Rheumatoid Arthritis – I Can’t Believe I Did It!

In case you didn’t know about the adventure we were undertaking, you may want to check out this short post: http://rapaleo.momswithra.org/wp/?p=361

Because we had little idea how long it would take or if it was even possible to get into the cabin area, we left very early.  We were up at 4:00 AM, on the road by 5:15 with a stocked car (donations for those who stayed and are rebuilding), and at the National Guard checkpoint by around 8:00 AM.

Starting to pack the car for a trip into flood ravaged Glen Haven.  Supplies for the folks who stayed.

Starting to pack the car for a trip into flood ravaged Glen Haven. Supplies for the folks who stayed.

For us, we took a wagon, adjustable walking sticks, extra food and water, backpacks, hats, rope, etc…

The National Guard was checking folks for ID and validation they had property in the area.  Luckily, my aunt and uncle had supplied us with that documentation.  We were able to pass the first N.G. road block and carefully make our way down a road that had sections/entire lanes missing.  At a certain point, there was another road block.  We were told not to pass that one, but to park and walk in.  We parked the car, got out the wagon, loaded it, and set off down the now severely damaged road, where there were points where the asphalt was intact, but there was no soil under the asphalt.  There were telephone poles down and wires everywhere.  There were cars barely visible in mud.  Although the river was much lower, it was still high and running outside its normal course.  Although I had seen pictures of the town, I couldn’t figure out what was what.  It now made sense.  All of the landmarks were gone; cabins and businesses were gone down the river like they never existed to begin with.  I took several videos to send to my aunt and uncle, so they could get their bearings before their trip up.  We walked through town.  The Town Hall had crashed into the General Store and had 20-30 feet of debris piled up against it.  Past the General Store, the town ceased to exist.  Everything was gone, including the road.  Where 2 small creeks joined, there was now a raging river running down what used to be the road.  This was a week after the rains stopped.  I wonder if the course of the river will be forever changed.

When I hear about folks refusing to be evacuated, I used to think of them as insane.  For this area, it sort of makes sense.  The folks who live here year round are used to being snowed in for long lengths of time.  They’re generally well stocked and are true “mountaineers.”  Those folks that stayed built 2 bridges that were very helpful for us, as we had 2 rivers to cross.  The first was made of 2 fallen trees with boards (likely scrap wood from what used to be homes) secured between them.  The second was… well…. terrifying.  It was an extension ladder, pretty fully extended from the bank of the river to a downed tree in the middle of the river.  There was then another extension ladder from the downed tree to the bank on the other side.  Both ladders had wood on top of them, wood that appeared to be cracking.  At this point, we packed our backpacks, left our wagon behind (something we figured would happen), said a prayer, and over the extension ladders we went!  I’m not sure if it was comforting or alarming that there were life jackets on either side of the river.  At this point, I realized I was not a mountaineer, but so proud of the folks for their craftiness and honored we were allowed to cross there.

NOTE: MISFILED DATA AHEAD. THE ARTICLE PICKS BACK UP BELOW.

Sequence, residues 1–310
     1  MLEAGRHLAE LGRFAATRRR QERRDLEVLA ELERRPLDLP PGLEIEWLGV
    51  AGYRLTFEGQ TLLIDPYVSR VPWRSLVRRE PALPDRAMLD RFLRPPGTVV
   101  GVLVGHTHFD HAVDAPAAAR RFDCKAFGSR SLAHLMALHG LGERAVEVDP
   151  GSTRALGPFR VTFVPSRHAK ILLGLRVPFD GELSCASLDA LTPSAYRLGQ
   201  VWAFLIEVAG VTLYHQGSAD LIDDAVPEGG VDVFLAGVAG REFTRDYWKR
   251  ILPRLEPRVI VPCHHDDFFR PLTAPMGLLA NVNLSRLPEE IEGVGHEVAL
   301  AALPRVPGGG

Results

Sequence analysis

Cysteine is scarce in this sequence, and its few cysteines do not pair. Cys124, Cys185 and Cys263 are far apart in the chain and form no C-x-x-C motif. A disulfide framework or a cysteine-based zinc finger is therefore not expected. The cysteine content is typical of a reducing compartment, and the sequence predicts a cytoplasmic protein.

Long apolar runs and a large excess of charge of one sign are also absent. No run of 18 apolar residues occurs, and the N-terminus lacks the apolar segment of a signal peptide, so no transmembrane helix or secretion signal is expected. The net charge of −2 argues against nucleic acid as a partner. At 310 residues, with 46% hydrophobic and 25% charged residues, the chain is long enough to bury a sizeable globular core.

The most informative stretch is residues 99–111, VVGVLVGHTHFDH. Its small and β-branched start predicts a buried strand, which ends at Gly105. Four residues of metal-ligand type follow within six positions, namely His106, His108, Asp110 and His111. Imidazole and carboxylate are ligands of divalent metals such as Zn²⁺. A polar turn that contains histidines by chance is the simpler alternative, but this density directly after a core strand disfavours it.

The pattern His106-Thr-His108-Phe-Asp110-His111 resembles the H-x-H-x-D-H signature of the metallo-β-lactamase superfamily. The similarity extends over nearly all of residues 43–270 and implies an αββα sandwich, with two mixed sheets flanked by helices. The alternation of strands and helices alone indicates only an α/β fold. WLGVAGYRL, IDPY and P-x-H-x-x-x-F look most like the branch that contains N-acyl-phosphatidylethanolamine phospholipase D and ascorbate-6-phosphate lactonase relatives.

Extension ladder bridge.  Note how narrow the far side is.

Extension ladder bridge. Note how narrow the far side is.

From that point, we had hoped to wind our way along the road, knowing it would be down to rock and debris, but thinking it would be slowly passable.  WRONG!  The old little dirt road we were trying to get back on was now one of the two creeks, rivers, whatever you want to call them.  Anywhere near the valley floor was not going to be possible to walk.  Luckily, some hardy folks happened by and told us about a trail.  So, up the big mountain we went!

I was so glad to have my walking sticks with me.  At times, the terrain was steep, and my feet don’t have the bend in them that they should.  My walking sticks seem to help keep my posture good (not sure how that works, but I usually end of with low back pain walking long ways without them, but not at all with them).  They also help me with stability.  We kept walking up, a lot higher than I wished we had, and was afraid we’d be too high up to get down to the cabin.  The cabin is right on the river, but we had a hard time finding it through the forest trees.  I was becoming discouraged at this point, when I saw a home I recognized, and knew we were close.  I can’t believe my husband found a way to get down the mountain side that I was able to do.  I can’t begin to describe it, other than to say I couldn’t photograph it as it was so high.  But down we went, careful as the ground had been wet.  Boulders and small mudslides had come down, leaving behind a very unsteady loose path.  We were now at the bottom near the river, maybe 200-300 feet up from the cabin, but of course, on the wrong side of the river.  At this point, I realized my limitations.  I was not going to be able to cross the river, nor was my son (who, by the way, was such a trooper!).  My husband tied a rope to a tree, tied it around himself, and slowly (and to me terrifyingly) made it across the river.